To be fair, some journalists have filed hard-hitting stories about the country, reporting about the plight of stranded labourers or the burgeoning cultural frustrations between citizens and expatriates. Yet what will always fascinate even the most tenacious journalist is trying to process the merits and demerits of an economic system designed to take advantage of those interested in tax-free salaries. It is hard for many people to fathom the existence of an Arab country populated primarily by Southasian expatriates. How does that work? I get asked. And aren't Emiratis alone responsible for the country's progress, its vision? It is as though the stew is an old Emirati recipe and the cooks have just been brought in to stir the pot. This rankles me – the Emirates I know of the 1980s and 1990s, the Emirates of my parents, was not just Emirati or Arab. It was also Southasian, very much so. My friends were transplanted Indian lads like myself. The shopkeepers in the pint-sized grocery stores were often Malayalees mouthing Kozhikode slang. The white-n-gold taxis picking up radio broadcasts in Dari were driven by proud Afghans, while many produce trucks were manned by Punjabis. Even at night, as Sri Lankan nannies put little ones to bed, construction workers in dusty blue overalls sat by the roadside waiting for their buses back to the labour camp.

I would watch those men, picking out the ones whose features resembled older uncles, cousins, brothers or fathers. So many of them looked like me. And when you are a child, you make associations. When you work in that heat, you turn brown, like a roasted peanut. Brown! I associated the colour with the working class, status, family or even a certain lack of privilege. It became not just a colour, but an existence, one I understood. Later I came to realise that the word was more of a personal metaphor, one I used to encapsulate the multiple nationalities responsible for giving the Emirates the tick-tock precision it boasts – Filipinos, Egyptians, Somalis and others. The word brown somehow seemed to give more meaning to the word expatriate, and a word that I felt captured my identity best. Yet somewhere down the line, even the word expatriate, a word I had grown up with and which defined my family, was replaced by a euphemism – guest worker, clearly outlining the shelf life of the foreign worker.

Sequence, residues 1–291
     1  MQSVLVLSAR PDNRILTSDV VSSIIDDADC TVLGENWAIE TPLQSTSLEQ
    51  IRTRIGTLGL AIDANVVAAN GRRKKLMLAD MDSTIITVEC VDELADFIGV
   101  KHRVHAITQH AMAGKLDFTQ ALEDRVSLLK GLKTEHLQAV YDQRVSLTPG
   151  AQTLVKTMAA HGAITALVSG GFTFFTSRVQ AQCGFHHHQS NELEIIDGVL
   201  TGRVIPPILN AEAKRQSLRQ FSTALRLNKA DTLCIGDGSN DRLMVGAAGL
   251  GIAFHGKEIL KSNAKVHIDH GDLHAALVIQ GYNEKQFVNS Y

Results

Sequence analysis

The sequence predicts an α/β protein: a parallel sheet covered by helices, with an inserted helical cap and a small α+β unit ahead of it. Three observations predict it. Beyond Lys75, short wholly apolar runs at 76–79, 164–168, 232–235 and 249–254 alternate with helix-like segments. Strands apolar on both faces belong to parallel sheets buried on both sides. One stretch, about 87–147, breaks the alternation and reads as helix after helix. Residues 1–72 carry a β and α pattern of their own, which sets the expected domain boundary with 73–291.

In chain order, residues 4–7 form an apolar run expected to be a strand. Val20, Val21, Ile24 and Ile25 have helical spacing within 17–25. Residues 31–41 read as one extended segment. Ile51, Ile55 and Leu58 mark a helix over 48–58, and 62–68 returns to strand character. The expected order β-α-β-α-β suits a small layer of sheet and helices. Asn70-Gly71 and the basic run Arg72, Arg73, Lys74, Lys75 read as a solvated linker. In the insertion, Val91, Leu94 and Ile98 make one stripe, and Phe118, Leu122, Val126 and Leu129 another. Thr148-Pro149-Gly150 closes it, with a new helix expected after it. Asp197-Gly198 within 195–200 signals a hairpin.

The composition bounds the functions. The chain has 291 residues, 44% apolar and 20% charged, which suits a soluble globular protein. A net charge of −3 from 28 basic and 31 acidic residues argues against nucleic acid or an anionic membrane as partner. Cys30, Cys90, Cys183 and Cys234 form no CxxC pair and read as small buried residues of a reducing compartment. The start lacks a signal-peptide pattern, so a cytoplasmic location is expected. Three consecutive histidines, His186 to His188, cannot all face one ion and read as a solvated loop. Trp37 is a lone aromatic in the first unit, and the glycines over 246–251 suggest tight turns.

Home and away

In my parents' circle, all expatriates are thought to pine for home. Most do, counting their days. After all, the rules are clear-cut: permanent residency is denied to the foreigner; leaving is not an option, but a certainty. Such regulations ought to foster a feeling of impermanence, and they do. But even when you know a place is temporary, you still try to seek comfort in it, try to make it your own. Without family or a companion, the Gulf can turn minds toxic, make one lonely, breed depressives. If you are lucky to have a loved one around, you begin to live. Some people even dare to call the place home. My family did. And after a while, without realising it, they fell into a cultural crack, and the term home suddenly evolved. We became Abu Dhabians.

But today, as my parents pack items into boxes, they are not doing anything others before them have not done. The cycle is old. Sure, many look forward to returning home. Others linger, hoping to buy more time. Leaving can be hard. My parents have seen friends, relatives and old colleagues bid adieu after decades in the Gulf. Many made good money, and have the houses to prove it. Many did not. Yet rarely is anyone asked whether they are all right, whether the process has been painful. For years I presumed, as did friends, that my parents would be glad to leave a place where, as a friend once opined, we were 'second-class citizens'. Last year, I asked them. If they could, they would stay, my parents confirmed, 'But we can't.'